India is one of the great markets of the world. You can find a remarkable range of fabulous produce—silk, cotton, leather, jewellery, carving and handicrafts—at real bargain prices, sometimes four or five times cheaper than abroad. The quality of craftsmanship can be excellent, and even if what you want is not in stock, it can invariably be made up for you—either done on the spot, or sent on later.
Tailors can run up clothes overnight, and although cuts tend to be a little out-moded for those with more fashionable tastes, they will copy any design you provide to perfection, and it’s worth bringing along a favourite piece of clothing for that very purpose. Bulky purchases, such as carpets and large ornaments, can be shipped home for you. Expensive jewellery buys can be verified for you atgem-testing laboratories. Large hotels have their own shopping emporia, packed with a wide variety of goods, where you can shop in air-conditioned comfort.
Always try to start your shopping tour with a visit to a government or state emporium. These stock the full range of local produce and handicrafts, sometimes also a selection of goods from neighbouring states. Because all prices are fixed, you are able to establish exactly what is available, and how much it should cost. This knowledge can be invaluable when it comes to buying things in less scrupulous high-street shops, markets or bazaars.
The best all-round places to shop are the huge Central Cottage Industries Emporia, currently located in Delhi, Bombay, Calcutta, Jaipur and Bangalore. These are the places you can do all your shopping in one place—very popular with people making last-minute purchases before flying back home. Of the smaller state emporia, make a point of visiting those of Gujarat and Rajasthan: these provide the most colourful, attractive and exotic variety of handmade goods.
On the streets, you’ll have to bargain hard when buying anything. The big thing to bear in mind is that there is an Indian price and a tourist price for everything. Never accept the first price given; it will always be too high. You can try the ‘walk away’ technique to bring it down, but many Indians have got wise to this, and you may end up walking away from something you really want, and never being called back. It is often far more effective to pretend interest in something you don’t want, haggle over it a bit, affect to lose interest, then pick up the article you do want almost as an afterthought. To make some sort of sale, the vendor will often give a half-decent price immediately. If he doesn’t, some well-chosen Hindi phrases will always improve your chances of getting the local price. Asking kitne poise? (how much), grumbling bahut paisa hai ! (too much) and wheedling Qum ka yo (come down a bit) often have the desired effect. It is also helpful to have aske d a local Indian the correct price of the item even before entering the shop.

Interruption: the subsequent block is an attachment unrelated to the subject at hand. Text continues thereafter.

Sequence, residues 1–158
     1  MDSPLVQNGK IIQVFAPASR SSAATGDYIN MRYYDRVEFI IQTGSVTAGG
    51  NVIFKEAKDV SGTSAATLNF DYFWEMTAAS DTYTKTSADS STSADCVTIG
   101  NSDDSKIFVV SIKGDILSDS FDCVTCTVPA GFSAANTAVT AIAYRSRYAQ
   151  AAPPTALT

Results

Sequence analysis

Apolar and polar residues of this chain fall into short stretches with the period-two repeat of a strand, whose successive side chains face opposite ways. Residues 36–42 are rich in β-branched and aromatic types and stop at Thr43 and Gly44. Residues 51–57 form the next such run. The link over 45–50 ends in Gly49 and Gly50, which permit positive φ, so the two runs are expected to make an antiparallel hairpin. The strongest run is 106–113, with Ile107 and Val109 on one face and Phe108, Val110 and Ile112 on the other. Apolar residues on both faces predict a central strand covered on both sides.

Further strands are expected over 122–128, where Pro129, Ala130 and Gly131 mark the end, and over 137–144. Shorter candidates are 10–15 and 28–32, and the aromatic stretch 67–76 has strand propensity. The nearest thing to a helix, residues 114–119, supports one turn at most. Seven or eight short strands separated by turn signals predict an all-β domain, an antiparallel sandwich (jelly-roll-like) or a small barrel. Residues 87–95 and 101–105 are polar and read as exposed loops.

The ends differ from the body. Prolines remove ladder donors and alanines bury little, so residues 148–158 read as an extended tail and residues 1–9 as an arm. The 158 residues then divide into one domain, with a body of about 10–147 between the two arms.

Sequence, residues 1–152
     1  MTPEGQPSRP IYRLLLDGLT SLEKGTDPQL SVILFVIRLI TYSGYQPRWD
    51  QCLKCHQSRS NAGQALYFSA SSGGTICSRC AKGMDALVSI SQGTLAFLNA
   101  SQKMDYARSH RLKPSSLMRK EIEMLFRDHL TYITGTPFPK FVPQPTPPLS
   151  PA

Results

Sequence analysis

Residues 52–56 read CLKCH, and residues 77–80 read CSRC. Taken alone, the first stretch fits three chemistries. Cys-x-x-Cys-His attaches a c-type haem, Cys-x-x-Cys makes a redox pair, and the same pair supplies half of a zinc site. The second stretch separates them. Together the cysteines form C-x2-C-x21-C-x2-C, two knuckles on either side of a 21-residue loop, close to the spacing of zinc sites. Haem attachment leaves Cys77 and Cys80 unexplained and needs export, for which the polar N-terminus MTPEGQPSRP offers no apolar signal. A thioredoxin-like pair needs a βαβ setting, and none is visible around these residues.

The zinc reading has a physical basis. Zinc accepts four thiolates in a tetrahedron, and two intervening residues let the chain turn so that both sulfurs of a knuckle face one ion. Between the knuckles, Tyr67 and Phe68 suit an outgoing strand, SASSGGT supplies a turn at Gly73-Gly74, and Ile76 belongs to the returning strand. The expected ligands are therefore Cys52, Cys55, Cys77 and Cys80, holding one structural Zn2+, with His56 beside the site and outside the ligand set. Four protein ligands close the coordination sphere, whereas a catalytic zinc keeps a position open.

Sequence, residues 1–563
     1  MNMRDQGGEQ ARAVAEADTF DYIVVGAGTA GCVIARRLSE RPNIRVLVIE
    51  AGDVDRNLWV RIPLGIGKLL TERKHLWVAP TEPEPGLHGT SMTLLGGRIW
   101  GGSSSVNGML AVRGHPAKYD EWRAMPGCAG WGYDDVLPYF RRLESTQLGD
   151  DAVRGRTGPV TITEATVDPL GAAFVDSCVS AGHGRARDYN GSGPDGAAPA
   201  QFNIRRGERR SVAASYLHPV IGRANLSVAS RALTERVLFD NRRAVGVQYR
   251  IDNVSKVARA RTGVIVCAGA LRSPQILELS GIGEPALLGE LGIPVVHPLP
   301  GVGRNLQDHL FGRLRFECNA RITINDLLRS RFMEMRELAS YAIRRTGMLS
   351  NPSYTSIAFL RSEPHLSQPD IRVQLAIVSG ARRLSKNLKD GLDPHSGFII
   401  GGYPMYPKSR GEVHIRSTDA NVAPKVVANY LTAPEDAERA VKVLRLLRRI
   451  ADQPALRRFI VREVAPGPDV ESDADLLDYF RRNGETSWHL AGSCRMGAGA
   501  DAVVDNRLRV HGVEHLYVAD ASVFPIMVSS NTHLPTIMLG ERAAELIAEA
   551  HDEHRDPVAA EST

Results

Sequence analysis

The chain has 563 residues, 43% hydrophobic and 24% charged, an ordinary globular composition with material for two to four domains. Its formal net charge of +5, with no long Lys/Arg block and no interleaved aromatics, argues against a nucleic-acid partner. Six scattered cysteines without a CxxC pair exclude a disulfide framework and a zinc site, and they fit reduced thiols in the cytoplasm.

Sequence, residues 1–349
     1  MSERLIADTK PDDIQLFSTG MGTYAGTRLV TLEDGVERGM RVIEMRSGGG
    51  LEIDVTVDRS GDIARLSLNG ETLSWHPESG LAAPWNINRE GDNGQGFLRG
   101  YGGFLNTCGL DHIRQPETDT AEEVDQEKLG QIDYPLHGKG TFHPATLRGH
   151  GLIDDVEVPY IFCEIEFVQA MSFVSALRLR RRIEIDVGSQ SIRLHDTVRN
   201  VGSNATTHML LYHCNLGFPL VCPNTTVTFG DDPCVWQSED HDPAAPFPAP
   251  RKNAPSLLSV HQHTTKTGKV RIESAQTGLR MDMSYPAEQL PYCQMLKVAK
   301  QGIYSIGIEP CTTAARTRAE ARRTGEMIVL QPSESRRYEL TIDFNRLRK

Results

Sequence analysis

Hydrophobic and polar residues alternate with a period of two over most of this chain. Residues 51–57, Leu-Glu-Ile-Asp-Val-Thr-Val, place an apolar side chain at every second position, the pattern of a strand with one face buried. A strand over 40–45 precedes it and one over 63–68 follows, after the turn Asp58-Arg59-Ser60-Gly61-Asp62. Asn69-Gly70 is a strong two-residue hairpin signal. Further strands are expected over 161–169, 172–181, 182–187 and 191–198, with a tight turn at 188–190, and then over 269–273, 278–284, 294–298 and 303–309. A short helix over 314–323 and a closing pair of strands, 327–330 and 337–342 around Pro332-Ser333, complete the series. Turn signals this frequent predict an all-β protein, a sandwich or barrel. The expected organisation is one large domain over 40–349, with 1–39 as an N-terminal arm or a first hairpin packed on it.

Bargaining can be great fun. Once you’ve got the hang of it, it’s possible to buy things in markets and bazaars even cheaper than in fixed-price emporia. But beware, travellers do get carried away by success, and it’s not uncommon to meet someone stuck with £2000 worth of useless carpets, the result of being sweet-talked into visiting some street-tout’s ‘uncle’s shop’ or ‘brother’s silk emporium’. With big buys, you really do have to know what you’re talking about. Don’t let anyone take you anywhere you can’t afford to go. In any shopping situation, as soon as you’ve lost the initiative, you’re halfway to buying something you don’t even want. Even worse, you may have to lug it halfway round India until you find some way of sending it home.
Most decent shops and emporia a) give you a certificate of origin with major purchases and a receipt (essential for when the article hits customs; very expensive if you can’t produce them); b) arrange for the item(s) bought to be shipped home for you. In case a completely different article turns up at your front door, it can be a good idea to photograph or mark the item at the time of actually purchasing it.
Unless you have to, don’t make all purchases in one place. Different areas of India are famous for different things. You’ll always get a better choice and quality of when you buy at source, rather than from a central government emporium.
Go to Agra for sublime marble inlay work, to Jaipur for gems and jewellery, to Mvsore for incense and sandalwood, to Varanasi for silks and brasswork, toHyderabad for silver inlay and for pearls, to Udaipur for miniature paintings and for wall-hangings, and to Rajasthan in general for chunky folk-art jewellery, colourful mirror-embroidery and white-glazed pottery.
If you want to know more about these products, manufacturing processes, general prices, and how to tell the real McCoy from cheap tourist tat, read the appropriate shopping sections in the main body of the text. If this only whets your appetite, there are ample opportunities in many handicraft centres to visit local crafts factories and see carpets, miniature paintings, tapestries, carvings and even incense being made. There is no obligation to buy at these places—just a lot of friendly pressure.